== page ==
Whether you’re a commuter, a weekend warrior or both, here’s a guide to buying the right bikes and cycling gear for your family. Want to get the best bike for your needs? Make sure you go to a specialty bike shop, rather than a big-box store. You’ll likely be supporting a local small business, and you’ll have the support of professionally trained staff. “Beyond the initial selection and purchase, if you run into any issues and need a repair, your local certified bike shop will be able properly diagnose the issue, get you the right parts and service the product,” says Adam Berg of Richard’s Bicycles in Palos Heights.
Here are some of our favorite bikes and gear, plus the best snacks for keeping that energy up during a long ride.
A bike for fitness and more
Built for speed and comfort, the Trek FX series is a line of urban road bikes great for a workout, commute to work, or if you just want to ride up to a coffee shop. (Starting at $379, Richard’s Bicycles)
An all-in-one bike
The Raleigh Alysa 4 (pictured above) for women and Raleigh 2017 Redux 3 for men are ready for all of your adventures, from getting to and from work to going for weekend rides with your family. Traveling over train tracks, curbs or grates? No problem! These bikes can handle it all. (Starting at $899.99, Raleigh)
A perfect commuter bike
You’re doing your part to keep cars off the road and the air clean. But putting in work before even getting to work can mean you’re arriving sweaty and tired. Enter ebikes, with electric assist to help you power along. If money is no object, it’s tough to beat the XDURO Trekking 4.0 (pictured above) from German Haibike, widely considered the gold-standard ebike manufacturer ($4,399.99, Kozy’s Cyclery). At a lower price point, we love the retro-chic Raleigh Superbe iE (pictured below, $1,699.99, Richard’s Bicycles).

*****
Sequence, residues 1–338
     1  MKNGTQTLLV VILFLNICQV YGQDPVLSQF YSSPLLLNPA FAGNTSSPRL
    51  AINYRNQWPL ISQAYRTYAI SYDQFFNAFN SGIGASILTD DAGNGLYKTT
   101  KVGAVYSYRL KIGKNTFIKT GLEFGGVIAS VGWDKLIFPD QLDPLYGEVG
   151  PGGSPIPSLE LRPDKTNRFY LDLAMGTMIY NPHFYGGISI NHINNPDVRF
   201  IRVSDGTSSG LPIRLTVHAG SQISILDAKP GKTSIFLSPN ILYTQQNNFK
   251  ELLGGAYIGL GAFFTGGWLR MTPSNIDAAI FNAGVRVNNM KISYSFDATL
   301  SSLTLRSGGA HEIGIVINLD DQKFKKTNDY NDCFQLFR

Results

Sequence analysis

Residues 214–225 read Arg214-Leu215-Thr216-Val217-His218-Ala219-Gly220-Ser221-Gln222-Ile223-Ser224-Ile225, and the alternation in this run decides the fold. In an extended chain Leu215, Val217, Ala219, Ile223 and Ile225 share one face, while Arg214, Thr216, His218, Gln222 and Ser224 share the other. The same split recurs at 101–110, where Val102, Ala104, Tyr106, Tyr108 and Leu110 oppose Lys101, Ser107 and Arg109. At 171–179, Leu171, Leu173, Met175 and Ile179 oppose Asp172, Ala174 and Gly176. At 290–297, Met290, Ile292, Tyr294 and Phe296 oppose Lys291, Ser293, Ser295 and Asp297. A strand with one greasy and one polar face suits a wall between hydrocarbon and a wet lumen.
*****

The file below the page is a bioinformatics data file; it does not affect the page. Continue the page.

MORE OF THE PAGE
A trailer for the kids
Until the kids can ride on their own, you’ll be their chauffeur. Transport them safely with a trailer. We love the Thule Chariot Lite 2-Child Multisport Trailer (pictured above, $799.95) and the Burley Honey Bee Bike Trailer (pictured at the top of this article, $399), which can both seat one or two children and can convert from a bike trailer to a stroller.
A bike seat
Thule makes child bike seats you can attach to both the front and the back of a bike, which is especially helpful if you’ve got two kids in tow. The Thule Yepp Maxi is a smart and functional bike seat that’s shock-absorbing and comes in fun colors. ($199.95, Thule)
Once you’ve got great bikes and gear, you’ll want to go places. You’ll need a good transport system to get from point A to point B. But how you do just that can vary based on how many bikes you’re transporting and what type of vehicle you have. Thule has an awesome “fit my car” feature on its website to help you determine which bike racks, cargo carriers and roof racks are your best bet.
Rent a bike
No bike? No problem. Chicago’s bike-share program Divvy has 5,800 bikes and can loan you one. Here’s how it works: You can become an annual member ($99 a year) or buy a 24-hour pass ($9.99) from a Divvy station kiosk or Transit App. Altogether, there are 580 bike-dispensing stations across the city. Learn more.
You don’t want any crashes — energy included. Here are three registered-dietitian-approved snacks to pack on your bike from Christy Brissette, owner of 80 Twenty Nutrition.
During your bike ride, you need quick energy from carbohydrates that your muscles can use right away. “Plus, you want to keep your blood sugar levels stable to avoid the dreaded energy crash.” Carbs are great for a long ride, defined as anything over an hour, she says. An ideal energy bar has dried fruit, like raisins, some rolled oats and banana. “You want this bar to be lower in fiber and fat, so it doesn’t sit in your stomach,” Brissette says.
The bread and jelly give you quick carbs to fuel your ride, and the peanut butter or almond butter gives you a bit of protein and fat for more sustained energy, she says.
Raisins, prunes and dried apricots are packed with potassium to replace losses from sweat, Brissette says. Salted nuts and seeds replace sodium. “Plus, you’re getting quick sugars from the fruit and slower-burning energy from protein and fat thanks to the nuts and seeds,” she says. We love Niloofar Persian Trail Mix, created by Winnetka native Niloo Mirani. ($11 for an 8-ounce bag, Niloofar)